When I applied to the Kinship Conservation Fellows program, I had niggling notions that my career needed a better grasp of economic tools and I wanted to understand how they could be used in conservation. But I was conflicted about their usefulness. I wondered whether sustainable development was truly achievable and if so, what does this mean for conservationists, the environmental economists and, of course, nature?
For some time, I had been wrestling with the idea of pursuing an MBA course and realized Kinship would be a fitting bridge to making this decision. Besides, the Kinship program promised additional leadership skills and, because of the length of the program, a time to reflect and recharge. Kinship was at once a formative and transformative chapter in my life. From the faculty to my fellow Fellows! The faculty broached a wide array of topics covering globally-pressing and cutting-edge issues. But perhaps most beneficial for me were the informal networks and conversations between the faculty and the other Fellows. We formed an incredible bond.
A key element that stands out for me was the “against-the-grain” opinion provided by some of the more seasoned faculty members about the usefulness of a conventional MBA program for a person at my career point. Being in the program provoked my thinking and enabled me to believe in the power of a type of self-learning, with an emphasis on business training for conservation. Another important element was the Gallup StrengthsFinder report, which was an eye-opener. Ultimately, I was able to return home with a greater understanding of myself and more concrete knowledge about what I needed to do to steer my career in the direction I had always desired.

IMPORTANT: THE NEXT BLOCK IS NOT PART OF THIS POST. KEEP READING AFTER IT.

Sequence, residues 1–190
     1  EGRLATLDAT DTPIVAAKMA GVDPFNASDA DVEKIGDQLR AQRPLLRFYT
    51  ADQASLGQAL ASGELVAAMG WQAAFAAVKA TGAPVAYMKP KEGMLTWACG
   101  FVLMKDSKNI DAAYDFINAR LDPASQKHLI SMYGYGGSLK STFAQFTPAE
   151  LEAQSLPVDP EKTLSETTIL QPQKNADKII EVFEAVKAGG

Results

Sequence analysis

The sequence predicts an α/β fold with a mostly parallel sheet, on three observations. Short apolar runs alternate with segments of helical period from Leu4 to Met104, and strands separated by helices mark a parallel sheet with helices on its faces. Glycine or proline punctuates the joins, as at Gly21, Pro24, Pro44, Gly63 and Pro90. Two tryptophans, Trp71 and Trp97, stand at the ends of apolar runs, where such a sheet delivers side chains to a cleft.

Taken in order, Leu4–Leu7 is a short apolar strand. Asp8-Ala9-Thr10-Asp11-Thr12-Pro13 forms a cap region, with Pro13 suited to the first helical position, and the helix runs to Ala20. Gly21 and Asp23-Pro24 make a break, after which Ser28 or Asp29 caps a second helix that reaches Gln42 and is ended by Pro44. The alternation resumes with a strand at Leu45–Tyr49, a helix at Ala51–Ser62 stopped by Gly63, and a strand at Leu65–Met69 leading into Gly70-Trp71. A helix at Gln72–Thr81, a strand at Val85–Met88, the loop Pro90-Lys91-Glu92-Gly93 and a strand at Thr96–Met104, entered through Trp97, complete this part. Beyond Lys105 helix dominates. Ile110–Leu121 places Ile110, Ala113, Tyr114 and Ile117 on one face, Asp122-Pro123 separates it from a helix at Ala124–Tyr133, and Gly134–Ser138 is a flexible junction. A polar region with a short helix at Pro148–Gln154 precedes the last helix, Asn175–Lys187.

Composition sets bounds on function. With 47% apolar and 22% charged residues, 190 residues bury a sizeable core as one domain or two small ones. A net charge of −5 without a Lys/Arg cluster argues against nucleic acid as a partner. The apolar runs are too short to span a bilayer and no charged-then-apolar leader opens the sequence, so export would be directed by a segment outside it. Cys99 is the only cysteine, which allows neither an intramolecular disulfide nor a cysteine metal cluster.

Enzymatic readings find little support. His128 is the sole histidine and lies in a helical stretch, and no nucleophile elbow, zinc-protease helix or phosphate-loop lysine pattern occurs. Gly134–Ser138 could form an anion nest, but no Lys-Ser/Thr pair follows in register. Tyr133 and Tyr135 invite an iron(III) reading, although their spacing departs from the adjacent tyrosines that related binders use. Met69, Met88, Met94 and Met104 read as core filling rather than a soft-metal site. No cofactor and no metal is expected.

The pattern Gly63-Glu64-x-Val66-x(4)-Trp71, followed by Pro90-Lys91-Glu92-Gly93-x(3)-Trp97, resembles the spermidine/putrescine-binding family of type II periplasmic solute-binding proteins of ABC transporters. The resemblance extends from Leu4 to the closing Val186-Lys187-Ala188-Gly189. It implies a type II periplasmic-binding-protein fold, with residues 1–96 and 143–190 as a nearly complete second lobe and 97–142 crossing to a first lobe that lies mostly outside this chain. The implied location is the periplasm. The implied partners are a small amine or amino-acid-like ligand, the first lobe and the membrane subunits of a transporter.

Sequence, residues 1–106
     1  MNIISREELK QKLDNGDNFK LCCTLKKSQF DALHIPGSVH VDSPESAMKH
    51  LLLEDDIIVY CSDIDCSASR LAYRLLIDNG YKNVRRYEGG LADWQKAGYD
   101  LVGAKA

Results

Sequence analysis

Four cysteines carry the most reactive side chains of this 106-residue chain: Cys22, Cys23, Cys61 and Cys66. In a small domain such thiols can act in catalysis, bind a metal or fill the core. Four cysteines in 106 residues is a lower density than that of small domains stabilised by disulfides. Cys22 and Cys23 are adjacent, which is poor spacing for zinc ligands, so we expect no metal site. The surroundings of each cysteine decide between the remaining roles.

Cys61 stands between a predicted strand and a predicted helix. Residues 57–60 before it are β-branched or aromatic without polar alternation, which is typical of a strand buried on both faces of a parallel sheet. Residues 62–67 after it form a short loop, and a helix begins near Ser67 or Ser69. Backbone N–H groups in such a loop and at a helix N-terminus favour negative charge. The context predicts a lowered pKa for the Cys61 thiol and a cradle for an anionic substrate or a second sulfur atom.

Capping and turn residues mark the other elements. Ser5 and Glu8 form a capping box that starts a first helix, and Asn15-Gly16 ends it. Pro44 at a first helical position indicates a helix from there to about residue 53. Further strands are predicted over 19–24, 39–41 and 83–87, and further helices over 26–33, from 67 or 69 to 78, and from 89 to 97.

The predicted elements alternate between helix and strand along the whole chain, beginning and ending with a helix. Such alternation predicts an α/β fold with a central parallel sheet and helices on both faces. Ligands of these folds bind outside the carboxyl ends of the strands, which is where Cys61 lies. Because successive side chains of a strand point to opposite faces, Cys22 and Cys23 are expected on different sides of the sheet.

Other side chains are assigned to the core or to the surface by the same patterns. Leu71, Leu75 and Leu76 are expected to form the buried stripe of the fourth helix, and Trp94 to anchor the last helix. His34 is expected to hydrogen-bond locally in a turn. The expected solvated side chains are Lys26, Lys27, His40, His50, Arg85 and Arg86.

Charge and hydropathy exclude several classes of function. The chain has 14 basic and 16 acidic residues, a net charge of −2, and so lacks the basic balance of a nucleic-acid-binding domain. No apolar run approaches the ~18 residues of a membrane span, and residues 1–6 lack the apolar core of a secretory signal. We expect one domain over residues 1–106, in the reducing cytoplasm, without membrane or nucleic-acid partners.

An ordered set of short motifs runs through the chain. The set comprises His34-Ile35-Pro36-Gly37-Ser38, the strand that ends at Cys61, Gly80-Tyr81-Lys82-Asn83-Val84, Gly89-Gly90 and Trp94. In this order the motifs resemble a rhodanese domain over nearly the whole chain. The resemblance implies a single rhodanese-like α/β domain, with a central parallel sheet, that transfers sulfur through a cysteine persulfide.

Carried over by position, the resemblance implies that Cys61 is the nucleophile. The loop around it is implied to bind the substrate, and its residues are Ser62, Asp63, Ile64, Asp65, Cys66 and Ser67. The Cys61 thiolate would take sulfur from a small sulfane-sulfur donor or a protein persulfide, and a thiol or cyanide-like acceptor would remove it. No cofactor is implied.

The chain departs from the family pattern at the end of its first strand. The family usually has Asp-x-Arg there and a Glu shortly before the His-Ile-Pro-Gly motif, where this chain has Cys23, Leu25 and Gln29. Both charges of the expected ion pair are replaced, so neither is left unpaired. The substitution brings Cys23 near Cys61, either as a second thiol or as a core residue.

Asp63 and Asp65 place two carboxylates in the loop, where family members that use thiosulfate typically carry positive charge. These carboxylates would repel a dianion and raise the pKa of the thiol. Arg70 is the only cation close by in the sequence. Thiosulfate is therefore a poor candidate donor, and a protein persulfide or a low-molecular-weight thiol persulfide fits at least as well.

The Kinship Fellows program motivated me to develop my finance skills. I have since taken several finance and financial accounting courses that have been hugely beneficial--from developing business plans for innovative community projects to planning my personal investments. I also directly apply the critical impact assessment knowledge and insights gained from the Kinship program in my day-to-day biodiversity and social impact assessment work. Further, I am still in touch with my colleagues from the program. We developed a paper together on biodiversity offsets in protected areas, which we presented at the World Parks Congress in Sydney (2014), and was recently accepted for publication in Biological Conservation Journal.
The self-learning from the leadership component has furnished me with greater soft power that I put to use every day, both professionally and socially. Being forever a part of the Kinship Community is terrific and I am positive that we’ll keep generating great ideas, publications, collaboration and positive vibes to keep the conservation agenda burning!
“I directly apply the critical impact assessment knowledge and insights gained from the Kinship program in my day-to-day biodiversity and social impact assessment work.”